American Biogenetic Sciences Inc. (ABS) announced Friday thatit has received clearance from the FDA to begin clinical testingof its fibrin-specific monoclonal antibody for imaging bloodclots in the lungs and heart.
The Notre Dame, Ind., company (NASDAQ:MABXA) submittedits investigational new drug (IND) application to the FDA forthis product exactly one year ago, in March 1992.
This is a fairly lengthy delay by the FDA. The agency approvedthe Phase I protocol for Centocor Inc.'s Fibriscint (anotherimaging agent for blood clots), for instance, in a matter ofmonths.
"Clearly, it's not good news that it took so long," said JimMcCamant, editor of the Medical Technology Stock Letter.
Leonard Suroff, ABS's corporate counsel, told BioWorld that thedelay was due to the "usual procedures" one might encounterwhen interacting with the agency. "FDA did have certainquestions (about the protocol), to which the companyresponded," Suroff said.
The product, MH-1, is a monoclonal antibody fragment specificto the fibrin component of a blood clot. ABS has labeled itsagent with the radioactive isotope technitium-99m. Animalstudies have shown that MH-1 can pinpoint the location ofblood clots in the lungs and heart within 30 minutes ofinjection.
Currently, only invasive procedures, including pulmonaryangiography and contrast venography, are available to detectclots in heart and lung. With the market for blood clot imagingagents projected at $1 billion or more, it's not surprising thatABS has competitors.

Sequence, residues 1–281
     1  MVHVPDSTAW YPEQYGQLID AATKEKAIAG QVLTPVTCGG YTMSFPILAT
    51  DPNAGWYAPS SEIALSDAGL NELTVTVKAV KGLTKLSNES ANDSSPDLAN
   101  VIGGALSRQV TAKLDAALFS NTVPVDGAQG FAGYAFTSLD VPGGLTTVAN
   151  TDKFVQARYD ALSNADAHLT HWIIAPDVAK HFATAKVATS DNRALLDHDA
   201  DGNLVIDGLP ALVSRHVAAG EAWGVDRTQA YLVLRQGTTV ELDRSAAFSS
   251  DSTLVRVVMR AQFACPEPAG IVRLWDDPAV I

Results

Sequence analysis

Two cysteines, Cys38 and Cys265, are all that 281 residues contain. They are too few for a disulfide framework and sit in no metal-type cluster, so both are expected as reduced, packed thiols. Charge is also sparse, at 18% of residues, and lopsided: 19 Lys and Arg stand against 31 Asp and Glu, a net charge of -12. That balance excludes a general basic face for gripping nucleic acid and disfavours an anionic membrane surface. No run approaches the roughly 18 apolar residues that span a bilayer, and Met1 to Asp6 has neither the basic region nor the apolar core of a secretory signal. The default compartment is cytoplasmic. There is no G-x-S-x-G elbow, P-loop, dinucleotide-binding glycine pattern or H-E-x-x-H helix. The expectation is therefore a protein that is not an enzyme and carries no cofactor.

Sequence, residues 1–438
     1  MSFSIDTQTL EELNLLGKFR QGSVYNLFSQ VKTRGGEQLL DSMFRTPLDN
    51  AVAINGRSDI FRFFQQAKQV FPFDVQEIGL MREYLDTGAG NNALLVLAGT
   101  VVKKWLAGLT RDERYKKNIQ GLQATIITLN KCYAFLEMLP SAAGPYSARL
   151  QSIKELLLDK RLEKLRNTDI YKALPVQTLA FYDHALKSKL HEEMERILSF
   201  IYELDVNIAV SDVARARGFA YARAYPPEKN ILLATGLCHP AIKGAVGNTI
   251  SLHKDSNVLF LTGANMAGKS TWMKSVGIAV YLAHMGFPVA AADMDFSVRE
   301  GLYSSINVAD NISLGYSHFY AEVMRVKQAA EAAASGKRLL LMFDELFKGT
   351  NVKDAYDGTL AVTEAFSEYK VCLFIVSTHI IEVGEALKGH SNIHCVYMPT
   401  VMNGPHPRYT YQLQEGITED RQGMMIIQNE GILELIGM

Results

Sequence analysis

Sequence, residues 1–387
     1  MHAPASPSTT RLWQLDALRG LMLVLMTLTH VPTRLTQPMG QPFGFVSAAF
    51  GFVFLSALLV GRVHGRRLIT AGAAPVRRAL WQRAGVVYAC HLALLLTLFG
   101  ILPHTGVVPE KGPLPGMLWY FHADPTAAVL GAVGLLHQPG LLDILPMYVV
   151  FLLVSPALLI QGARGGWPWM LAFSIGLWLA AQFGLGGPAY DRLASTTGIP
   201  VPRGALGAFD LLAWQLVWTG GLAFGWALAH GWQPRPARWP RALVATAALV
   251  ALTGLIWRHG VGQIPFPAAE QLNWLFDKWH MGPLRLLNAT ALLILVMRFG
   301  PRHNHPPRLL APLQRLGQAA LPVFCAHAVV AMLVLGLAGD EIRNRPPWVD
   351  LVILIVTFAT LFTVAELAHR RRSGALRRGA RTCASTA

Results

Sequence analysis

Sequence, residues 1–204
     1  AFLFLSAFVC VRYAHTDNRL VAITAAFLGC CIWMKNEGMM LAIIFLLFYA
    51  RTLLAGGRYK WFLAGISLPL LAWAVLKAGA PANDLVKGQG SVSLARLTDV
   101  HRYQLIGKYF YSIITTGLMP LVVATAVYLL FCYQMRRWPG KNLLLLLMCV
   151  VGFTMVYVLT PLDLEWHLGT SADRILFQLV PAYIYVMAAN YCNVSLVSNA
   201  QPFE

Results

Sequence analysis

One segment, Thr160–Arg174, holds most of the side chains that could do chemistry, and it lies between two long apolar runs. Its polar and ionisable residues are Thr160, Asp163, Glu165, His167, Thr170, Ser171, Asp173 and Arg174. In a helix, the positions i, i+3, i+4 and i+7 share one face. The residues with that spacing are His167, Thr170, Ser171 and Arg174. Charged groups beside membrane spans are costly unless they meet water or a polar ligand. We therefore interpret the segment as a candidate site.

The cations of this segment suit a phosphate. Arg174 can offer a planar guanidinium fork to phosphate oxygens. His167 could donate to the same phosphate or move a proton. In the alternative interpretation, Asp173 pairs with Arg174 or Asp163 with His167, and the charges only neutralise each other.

Centocor (NASDAQ:CNTO) of Malvern, Pa., for example, filed itsPLA on Fibriscint, another murine monoclonal linked totechnitium that targets fibrin, in Dec. '91.
Bio-Technology General Corp. (NASDAQ:BTGC) has beendeveloping a fibronectin fragment -- the fibrin binding domain(FBD) -- to be tagged with technitium-99m to detect clots in thelungs and veins. BTGC has already taken this agent throughpilot clinical studies, but tagged with a different imagingisotope.
"The initial information indicates that the agent was verysuccessful in identifying clots," said Leah Berkovits,administration manager for the New York company. She addedthat BTGC is now "adapting" the compound to technitium-99m."We hope to proceed with further clinical studies this year,"Berkovits told BioWorld.
And before Cytogen Corp. (NASDAQ:CYTO) decided to focus itsbusiness on cancer diagnostics and therapeutics, the Princeton,N.J., company was developing the imaging agent Thromboscan,a small chain of amino acids linked to technitium that targetsthe fibrinogen receptor on platelets. Cytogen finished its PhaseI studies on Thromboscan, which provided "proof of principal,"according to Mary Beales, director of corporatecommunications, but is doing "no further development work"on the product at this point, Beales said.
Meanwhile, Applied Biogenetic is just starting its foray intohuman clinical trials; Phase Is on MH-1 are scheduled at TheJohns Hopkins University School of Medicine in Baltimore andWest Haven VA Medical Center in West Haven, Conn.
-- Jennifer Van Brunt Senior Editor
(c) 1997 American Health Consultants. All rights reserved.